2.15–16. Civics and religion were intertwined in the Greco-Roman world. Augustine talks about Romulus, the founder of Rome, becoming one of the most honored of the gods. Romulus might or might not have existed, but the Romans had a tradition of turning rulers into gods. Deification would be decreed through the political institutions. Politics defined religion in Rome.

Roman law was one of the things that the Romans were most proud of. Augustine attempts to keep the baby as he throws out the bathwater by claiming that Roman law was not rooted in pagan religion.

Augustine reproduces Livy’s claim that the Romans went to Athens in 454 to study its constitution when forming their own laws. Solon gave the Athenians the foundation for their government in 594 BC. He was reputed to be one of the wisest men in the world, and a number of fanciful stories were created about his life. Livy’s story about the Romans copying his laws isn’t true, but it’s understandable why Romans would want to be associated with the world’s most famous wise man.

Lycurgus was the legendary lawgiver of Sparta. Most Greek intellectuals actually admired the Spartan constitution as “good laws,” rather than the Athenian constitution. One legend stated that Lycurgus, who might or might not have existed, got his laws from the god Apollo. Augustine rejects this as a source for Roman law.

2.17–18. Augustine discusses the lack of morality and justice in pre-Christian Rome.

2.17. Augustine begins with the legendary founding of the city and the Rape of the Sabine Women. (One should note that what traditionally gets translated “rape” here is actually the Latin word for “kidnapping.”) His point is that from the city’s foundations there was injustice.

When Romulus supposedly founded the city in the eighth century BC, it was a city full of his buddies, but it had no women. After a few years they realized they needed wives so they went to the neighboring Sabines and asked for their daughters in marriage. The Sabines refused, so the Romans threw a party, invited the Sabines, and kidnapped their daughters when they showed up. The Roman men married the girls. War broke out when the fathers tried to get them back. The daughters stepped between their warring husbands and fathers and achieved reconciliation. This legend can be found in Livy.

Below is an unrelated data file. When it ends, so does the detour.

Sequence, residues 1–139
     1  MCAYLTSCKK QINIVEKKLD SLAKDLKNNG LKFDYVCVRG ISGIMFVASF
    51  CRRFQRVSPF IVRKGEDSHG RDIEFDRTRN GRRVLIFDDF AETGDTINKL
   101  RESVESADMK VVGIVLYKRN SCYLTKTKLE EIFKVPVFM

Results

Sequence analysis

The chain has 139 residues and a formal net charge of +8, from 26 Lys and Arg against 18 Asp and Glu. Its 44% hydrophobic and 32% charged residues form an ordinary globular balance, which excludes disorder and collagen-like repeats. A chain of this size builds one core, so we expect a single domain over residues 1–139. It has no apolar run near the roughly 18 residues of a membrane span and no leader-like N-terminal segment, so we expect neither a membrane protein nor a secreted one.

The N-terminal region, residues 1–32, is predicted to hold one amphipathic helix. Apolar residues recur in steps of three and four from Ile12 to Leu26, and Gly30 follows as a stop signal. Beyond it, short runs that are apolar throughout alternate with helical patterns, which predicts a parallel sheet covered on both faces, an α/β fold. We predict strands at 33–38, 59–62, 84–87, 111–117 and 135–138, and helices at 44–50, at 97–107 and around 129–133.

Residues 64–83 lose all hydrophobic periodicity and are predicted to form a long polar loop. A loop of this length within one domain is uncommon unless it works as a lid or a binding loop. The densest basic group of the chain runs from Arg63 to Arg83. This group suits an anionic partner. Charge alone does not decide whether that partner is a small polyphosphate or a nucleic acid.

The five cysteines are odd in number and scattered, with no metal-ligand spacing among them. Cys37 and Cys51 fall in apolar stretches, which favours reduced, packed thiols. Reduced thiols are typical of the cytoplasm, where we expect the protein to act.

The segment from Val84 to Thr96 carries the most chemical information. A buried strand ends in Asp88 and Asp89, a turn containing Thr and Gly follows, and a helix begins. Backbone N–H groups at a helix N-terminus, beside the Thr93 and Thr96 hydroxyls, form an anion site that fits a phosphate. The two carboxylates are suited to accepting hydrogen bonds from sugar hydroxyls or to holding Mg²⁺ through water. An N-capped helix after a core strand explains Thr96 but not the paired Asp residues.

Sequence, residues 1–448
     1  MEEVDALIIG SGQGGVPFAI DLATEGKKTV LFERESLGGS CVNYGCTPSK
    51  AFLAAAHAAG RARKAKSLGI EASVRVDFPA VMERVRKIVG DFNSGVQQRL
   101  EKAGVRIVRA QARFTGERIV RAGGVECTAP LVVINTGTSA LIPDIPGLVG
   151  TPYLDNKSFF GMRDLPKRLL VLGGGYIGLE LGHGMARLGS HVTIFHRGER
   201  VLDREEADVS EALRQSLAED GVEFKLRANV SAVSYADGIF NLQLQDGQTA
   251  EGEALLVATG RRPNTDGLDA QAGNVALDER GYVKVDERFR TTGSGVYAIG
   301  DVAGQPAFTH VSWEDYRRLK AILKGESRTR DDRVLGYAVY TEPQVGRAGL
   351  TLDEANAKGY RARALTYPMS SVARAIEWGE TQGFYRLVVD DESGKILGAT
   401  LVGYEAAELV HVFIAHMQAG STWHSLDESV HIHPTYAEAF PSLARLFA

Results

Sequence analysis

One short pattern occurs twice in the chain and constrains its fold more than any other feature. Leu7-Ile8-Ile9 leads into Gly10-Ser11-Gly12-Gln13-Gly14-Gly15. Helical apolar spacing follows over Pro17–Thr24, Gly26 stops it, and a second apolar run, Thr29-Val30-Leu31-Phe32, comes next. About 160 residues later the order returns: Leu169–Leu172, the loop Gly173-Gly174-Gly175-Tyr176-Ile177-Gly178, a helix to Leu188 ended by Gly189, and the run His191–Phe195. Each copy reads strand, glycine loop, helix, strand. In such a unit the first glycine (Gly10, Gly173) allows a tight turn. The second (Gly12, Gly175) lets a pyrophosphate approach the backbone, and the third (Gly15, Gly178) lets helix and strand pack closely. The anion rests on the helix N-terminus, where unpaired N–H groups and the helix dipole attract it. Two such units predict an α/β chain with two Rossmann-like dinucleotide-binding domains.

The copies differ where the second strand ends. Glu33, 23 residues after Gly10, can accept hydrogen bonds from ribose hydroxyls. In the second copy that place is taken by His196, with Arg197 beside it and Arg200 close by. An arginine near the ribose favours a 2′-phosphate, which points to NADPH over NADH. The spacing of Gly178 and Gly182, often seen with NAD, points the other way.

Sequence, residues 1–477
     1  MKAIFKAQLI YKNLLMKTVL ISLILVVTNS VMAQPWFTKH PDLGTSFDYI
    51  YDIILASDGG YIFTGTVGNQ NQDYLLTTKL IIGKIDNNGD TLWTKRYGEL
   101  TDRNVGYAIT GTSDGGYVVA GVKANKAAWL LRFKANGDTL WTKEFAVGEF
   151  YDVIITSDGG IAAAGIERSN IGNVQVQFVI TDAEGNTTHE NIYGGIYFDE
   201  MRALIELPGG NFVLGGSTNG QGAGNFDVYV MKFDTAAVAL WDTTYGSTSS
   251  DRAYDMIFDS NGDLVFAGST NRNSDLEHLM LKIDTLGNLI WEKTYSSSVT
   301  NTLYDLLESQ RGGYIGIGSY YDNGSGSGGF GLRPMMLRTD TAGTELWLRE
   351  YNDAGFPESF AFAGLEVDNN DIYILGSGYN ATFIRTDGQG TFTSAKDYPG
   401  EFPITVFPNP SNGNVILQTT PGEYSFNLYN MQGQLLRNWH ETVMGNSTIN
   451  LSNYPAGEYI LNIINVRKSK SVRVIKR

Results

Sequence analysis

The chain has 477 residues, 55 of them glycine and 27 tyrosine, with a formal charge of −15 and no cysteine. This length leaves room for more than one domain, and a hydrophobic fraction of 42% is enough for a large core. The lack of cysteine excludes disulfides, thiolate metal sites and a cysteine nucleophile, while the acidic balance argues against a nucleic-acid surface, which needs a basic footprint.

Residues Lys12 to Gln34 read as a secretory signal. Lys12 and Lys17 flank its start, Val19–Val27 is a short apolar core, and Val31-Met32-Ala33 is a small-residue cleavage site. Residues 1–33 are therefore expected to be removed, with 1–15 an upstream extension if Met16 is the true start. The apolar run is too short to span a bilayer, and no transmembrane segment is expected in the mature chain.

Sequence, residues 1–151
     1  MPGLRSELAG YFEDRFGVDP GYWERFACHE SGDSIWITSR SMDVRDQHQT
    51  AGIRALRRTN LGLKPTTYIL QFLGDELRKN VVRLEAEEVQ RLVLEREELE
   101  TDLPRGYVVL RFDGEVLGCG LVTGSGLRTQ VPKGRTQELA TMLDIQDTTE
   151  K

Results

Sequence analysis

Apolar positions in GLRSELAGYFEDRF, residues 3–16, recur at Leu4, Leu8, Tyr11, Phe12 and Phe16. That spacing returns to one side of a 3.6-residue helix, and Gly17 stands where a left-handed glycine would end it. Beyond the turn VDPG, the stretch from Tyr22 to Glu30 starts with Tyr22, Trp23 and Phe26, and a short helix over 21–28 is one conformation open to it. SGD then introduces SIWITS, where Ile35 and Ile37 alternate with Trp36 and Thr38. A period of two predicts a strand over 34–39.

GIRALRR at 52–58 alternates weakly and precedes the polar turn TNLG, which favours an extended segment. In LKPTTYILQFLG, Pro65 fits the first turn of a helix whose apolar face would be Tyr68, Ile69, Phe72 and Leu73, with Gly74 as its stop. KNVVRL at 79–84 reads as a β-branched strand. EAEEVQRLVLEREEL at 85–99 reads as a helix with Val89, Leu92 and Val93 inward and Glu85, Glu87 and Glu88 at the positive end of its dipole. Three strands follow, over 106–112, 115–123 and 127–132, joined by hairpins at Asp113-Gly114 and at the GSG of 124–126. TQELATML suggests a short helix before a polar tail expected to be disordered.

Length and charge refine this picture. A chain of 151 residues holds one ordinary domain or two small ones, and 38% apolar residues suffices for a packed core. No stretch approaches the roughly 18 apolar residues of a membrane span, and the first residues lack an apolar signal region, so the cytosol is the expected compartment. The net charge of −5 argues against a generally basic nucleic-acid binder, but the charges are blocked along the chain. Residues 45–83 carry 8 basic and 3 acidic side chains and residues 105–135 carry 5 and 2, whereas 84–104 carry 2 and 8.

Next he moves to the founding of the Republic in 509 BC. He claims that Junius Brutus treated Lucretia’s husband unjustly because of his name and relations.

He then mentions how Marcus Furius Camillus (d. 365) was treated unjustly. Augustine brings up Camillus, who was dictator five times, because the Romans honored him as a second founder of the city.

2.18. From 494 to 287 BC, Rome dealt with what historians call “the struggle of the orders.” Roman patricians were the aristocracy and controlled the institutions of government. The Roman plebeians (commoners) tried to protect themselves from patrician oppression and tried to gain more access to political power. This struggle saw the creation of the tribunes of the plebs, the passing of plebiscites, and the writing down of the Twelve Tables. Eventually the plebeians won for themselves equality.

Augustine mentions Sulla (d. 78 BC). No one liked Sulla. He was a Roman general who marched on the city of Rome and suspended the constitution. By the first century BC, the political struggle wasn’t between patricians and plebeians, a distinction based on birth, but the Roman state dealt with a struggle between optimates, the “best men,” and populares, those who favored the “people.” This distinction had more to do with political ideology and wealth than birth. Sulla supported the optimates.

In chapters 17 and 18, Augustine attempts to show that the Republic wasn’t a golden age of justice and morality.